Seven Americans killed in Iraq

BAGHDAD, Iraq (AP) – Six American soldiers were killed in separate attacks Monday and a Marine died in action the day before, making October the deadliest month for U.S. troops in Iraq since January. A car bomb exploded in Basra during evening Ramadan festivities, killing at least 20 people.

Earlier Monday, U.S. jets struck insurgent targets near the Syrian border and at least six people were killed.

Four soldiers from the Army’s Task Force Baghdad soldiers died when their patrol struck a roadside bomb in Youssifiyah, 12 miles south of Baghdad in an area known as the “triangle of death.”

Two other soldiers from the 29th Brigade Combat Team were also killed in a bombing Monday near Balad, 50 miles north of Baghdad. The U.S. military also said a Marine was killed Sunday near Amiriyah, 25 miles west of Baghdad.

Those deaths raised the death toll for October to more than 90, the highest monthly total since January when 107 American service members died. The latest deaths brought to 2,025 the number of U.S. service members who have died since the Iraq war began in March 2003.

In Washington, Pentagon spokesman Lawrence Di Rita said there is no readily apparent explanation for why the number of U.S. casualties was higher in October than in previous months. He said the insurgents’ roadside bombs are getting more sophisticated.

“We see an adversary that continues to develop some sophistication on very deadly and increasingly precise stand-off type weapons -IEDs, in particular. They’re obviously quite capable of killing large numbers of noncombatants indiscriminately, and we’re seeing a lot of that, too,” Di Rita told reporters.

The insurgents continually search for new and more effective ways to use IEDs, he said, while U.S. forces look for new ways to counter the IED threat.

“We’re getting more intelligence that’s allowing us to stop more of these things, find more of them. So we’re learning from them (the insurgents) and the enemy is learning from us, and it’s going to be that way for as long as there is an insurgency,” Di Rita said.

The car bomb in the southern city of Basra exploded about 8:30 p.m. in a commercial district filled with shops and restaurants, killing at least 20 people and wounding about 40, police Lt. Col. Karim al-Zaidi. The restaurants had been packed in the evening with people breaking their fast during the Muslim holy month of Ramadan.

Before dawn Monday, Marines backed by jets attacked insurgent positions near the Syrian border, destroying two safe houses believed use by al-Qaida figures, a U.S. statement said.

The statement made no mention of casualties, but Associated Press Television News video from the scene showed residents wailing over the bodies of about six people, including at least three children.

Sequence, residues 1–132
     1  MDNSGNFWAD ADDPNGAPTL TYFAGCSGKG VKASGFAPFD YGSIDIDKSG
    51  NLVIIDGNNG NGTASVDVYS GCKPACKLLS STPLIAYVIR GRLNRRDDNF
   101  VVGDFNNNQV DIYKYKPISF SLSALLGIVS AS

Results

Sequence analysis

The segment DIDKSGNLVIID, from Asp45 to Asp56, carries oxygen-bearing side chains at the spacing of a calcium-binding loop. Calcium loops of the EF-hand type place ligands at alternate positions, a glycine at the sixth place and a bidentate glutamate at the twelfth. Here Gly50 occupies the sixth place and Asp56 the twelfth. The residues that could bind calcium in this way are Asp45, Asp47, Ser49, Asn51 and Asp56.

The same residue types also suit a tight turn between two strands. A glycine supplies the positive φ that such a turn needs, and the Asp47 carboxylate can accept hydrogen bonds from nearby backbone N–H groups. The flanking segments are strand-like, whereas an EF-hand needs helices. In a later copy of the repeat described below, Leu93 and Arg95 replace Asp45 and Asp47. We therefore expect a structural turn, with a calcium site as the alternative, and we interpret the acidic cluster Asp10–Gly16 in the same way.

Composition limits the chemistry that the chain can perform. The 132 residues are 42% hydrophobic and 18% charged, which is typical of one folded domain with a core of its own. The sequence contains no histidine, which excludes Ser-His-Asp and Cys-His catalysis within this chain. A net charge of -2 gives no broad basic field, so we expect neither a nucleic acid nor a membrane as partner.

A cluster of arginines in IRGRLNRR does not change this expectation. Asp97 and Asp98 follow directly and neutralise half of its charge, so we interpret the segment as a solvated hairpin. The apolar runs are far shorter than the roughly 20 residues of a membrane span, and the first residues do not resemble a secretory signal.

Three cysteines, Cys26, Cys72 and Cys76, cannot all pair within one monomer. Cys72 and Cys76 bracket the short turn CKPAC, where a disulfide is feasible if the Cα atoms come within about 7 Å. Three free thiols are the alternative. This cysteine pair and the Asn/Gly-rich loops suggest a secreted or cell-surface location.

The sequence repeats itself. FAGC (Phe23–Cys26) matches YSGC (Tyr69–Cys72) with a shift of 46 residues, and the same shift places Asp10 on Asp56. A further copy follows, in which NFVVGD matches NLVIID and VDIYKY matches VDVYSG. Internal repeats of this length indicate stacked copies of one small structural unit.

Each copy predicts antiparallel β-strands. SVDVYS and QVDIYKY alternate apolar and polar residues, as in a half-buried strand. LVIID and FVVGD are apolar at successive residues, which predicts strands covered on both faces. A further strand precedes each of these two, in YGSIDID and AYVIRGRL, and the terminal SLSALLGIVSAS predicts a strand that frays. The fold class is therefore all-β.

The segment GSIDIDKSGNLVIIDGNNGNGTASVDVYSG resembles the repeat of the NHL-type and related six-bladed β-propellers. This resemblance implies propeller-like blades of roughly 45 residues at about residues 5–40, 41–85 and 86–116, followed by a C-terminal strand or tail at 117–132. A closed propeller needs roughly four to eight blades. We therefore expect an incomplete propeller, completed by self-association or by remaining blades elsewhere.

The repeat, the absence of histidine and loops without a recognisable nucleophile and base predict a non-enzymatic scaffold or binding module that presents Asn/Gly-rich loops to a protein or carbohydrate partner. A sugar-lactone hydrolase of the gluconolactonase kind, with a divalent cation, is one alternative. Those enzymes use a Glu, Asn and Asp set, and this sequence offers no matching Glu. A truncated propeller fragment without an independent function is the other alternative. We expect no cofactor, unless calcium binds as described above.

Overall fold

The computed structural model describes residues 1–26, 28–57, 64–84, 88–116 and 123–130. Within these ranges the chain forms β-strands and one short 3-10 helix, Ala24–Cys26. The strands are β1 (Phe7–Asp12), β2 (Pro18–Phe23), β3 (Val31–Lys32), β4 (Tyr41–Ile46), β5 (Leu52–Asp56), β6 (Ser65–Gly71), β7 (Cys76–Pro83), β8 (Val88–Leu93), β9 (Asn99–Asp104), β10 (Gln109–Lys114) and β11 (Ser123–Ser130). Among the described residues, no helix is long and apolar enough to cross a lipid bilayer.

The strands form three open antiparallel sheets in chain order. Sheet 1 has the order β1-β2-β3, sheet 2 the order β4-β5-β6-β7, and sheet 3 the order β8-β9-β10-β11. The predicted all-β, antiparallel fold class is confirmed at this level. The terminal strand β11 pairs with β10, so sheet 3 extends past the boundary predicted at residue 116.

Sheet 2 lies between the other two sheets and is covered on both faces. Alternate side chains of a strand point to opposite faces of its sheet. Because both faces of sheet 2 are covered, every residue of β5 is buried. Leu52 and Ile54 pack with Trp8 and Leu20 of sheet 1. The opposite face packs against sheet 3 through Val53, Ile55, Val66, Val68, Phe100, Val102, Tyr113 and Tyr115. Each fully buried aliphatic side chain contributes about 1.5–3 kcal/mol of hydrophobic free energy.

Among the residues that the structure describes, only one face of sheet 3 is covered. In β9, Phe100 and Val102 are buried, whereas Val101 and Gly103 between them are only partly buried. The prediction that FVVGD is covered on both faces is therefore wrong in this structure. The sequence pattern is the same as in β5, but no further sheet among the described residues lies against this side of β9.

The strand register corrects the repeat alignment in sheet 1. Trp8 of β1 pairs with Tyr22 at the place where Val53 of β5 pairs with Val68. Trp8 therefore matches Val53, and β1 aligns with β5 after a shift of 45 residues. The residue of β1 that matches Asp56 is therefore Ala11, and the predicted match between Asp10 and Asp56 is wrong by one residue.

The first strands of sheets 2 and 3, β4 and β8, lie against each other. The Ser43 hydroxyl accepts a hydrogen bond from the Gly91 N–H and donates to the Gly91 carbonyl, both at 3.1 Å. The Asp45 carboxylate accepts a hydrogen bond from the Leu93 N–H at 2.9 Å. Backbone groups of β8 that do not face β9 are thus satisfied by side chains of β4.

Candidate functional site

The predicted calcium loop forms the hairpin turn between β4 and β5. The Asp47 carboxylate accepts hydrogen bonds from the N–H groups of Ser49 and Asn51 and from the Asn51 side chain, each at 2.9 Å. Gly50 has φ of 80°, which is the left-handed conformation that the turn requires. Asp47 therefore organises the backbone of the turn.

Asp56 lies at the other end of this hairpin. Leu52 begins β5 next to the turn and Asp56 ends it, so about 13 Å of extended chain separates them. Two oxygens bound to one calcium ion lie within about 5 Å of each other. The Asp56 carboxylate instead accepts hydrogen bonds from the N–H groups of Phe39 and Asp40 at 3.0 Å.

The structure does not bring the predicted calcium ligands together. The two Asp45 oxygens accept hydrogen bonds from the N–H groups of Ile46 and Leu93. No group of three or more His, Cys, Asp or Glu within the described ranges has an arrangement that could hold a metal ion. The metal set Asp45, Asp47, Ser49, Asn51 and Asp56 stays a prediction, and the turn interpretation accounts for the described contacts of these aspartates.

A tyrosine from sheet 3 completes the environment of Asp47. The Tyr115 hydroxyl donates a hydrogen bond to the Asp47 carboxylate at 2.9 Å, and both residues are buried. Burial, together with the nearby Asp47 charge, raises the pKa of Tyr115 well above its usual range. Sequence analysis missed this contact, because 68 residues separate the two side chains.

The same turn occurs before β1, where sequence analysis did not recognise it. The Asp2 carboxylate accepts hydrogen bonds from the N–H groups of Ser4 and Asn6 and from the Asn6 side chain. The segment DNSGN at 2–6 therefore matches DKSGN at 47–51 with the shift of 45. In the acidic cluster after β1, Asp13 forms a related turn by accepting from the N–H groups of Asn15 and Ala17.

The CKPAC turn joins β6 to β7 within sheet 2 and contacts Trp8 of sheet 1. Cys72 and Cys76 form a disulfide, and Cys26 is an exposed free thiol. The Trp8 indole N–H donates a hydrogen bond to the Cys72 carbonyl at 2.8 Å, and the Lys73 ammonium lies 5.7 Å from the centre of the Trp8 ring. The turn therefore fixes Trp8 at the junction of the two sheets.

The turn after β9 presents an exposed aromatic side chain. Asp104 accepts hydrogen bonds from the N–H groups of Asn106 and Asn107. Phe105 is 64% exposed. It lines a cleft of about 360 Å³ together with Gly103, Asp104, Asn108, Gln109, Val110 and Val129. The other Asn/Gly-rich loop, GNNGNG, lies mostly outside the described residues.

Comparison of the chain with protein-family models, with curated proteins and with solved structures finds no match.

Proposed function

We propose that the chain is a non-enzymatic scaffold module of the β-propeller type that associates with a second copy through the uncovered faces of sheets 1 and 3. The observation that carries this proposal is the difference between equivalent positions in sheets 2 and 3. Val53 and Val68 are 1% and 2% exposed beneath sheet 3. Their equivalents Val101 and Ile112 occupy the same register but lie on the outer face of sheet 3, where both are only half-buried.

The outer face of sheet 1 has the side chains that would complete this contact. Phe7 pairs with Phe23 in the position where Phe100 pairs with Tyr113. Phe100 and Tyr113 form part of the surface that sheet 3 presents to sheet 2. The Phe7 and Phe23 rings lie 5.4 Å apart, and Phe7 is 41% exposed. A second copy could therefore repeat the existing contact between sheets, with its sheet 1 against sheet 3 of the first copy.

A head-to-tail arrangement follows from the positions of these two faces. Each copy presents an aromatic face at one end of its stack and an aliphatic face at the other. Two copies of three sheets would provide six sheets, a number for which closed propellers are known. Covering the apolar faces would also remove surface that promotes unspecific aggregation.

At the local hospital, Dr. Ahmed al-Ani claimed 40 Iraqis, including 12 children, were killed in the attack. But the claim could not be independently verified.

APTN footage from the scene showed Iraqi men digging through the rubble of several destroyed concrete buildings with a pitchfork or their hands. In the building of a nearby home, women cried over the bodies of about half a dozen blanket-covered bodies lined up on a floor. Some of the blankets were opened for the camera showing a man and three children.

“At least 20 innocent people were killed by the U.S. warplanes. Why are the Americans killing families? Where are the insurgents?” one middle-aged man told APTN. “We don’t see democracy. We just see destruction.” He didn’t give his name.

Elsewhere, two separate mortar attacks in Baghdad and northern Iraq killed three Iraqi people and wounded 11 on Monday.

In other strikes in the capital, two car bombs and five drive-by shootings killed five Iraqis and wounded 10, police said. The body of an Iraqi civilian who had been kidnapped and killed in captivity also was found dumped on a city street.

Iraq’s government has had two important victories in October: a national referendum that adopted a new constitution and the start of the mass murder trial of Saddam Hussein. that British officials say apparently originated in neighboring Iran.

The constitution also was adopted despite strong opposition from minority Sunni Arabs, many of whom think the document unfairly favors majority Shiites and Kurds.

On Friday and Saturday, U.S. and Iraqi forces conducted several raids in Baghdad, detaining 98 suspected insurgents and finding large weapons caches, the U.S. command said Monday.

One cache, found hidden in a building in a second-story crawl space beneath a bathtub, included 13 AK-47 assault rifles, three machine guns, 20 AK-47 barrels, a pistol, U.S. currency and an ammunition stockpile, the military said.

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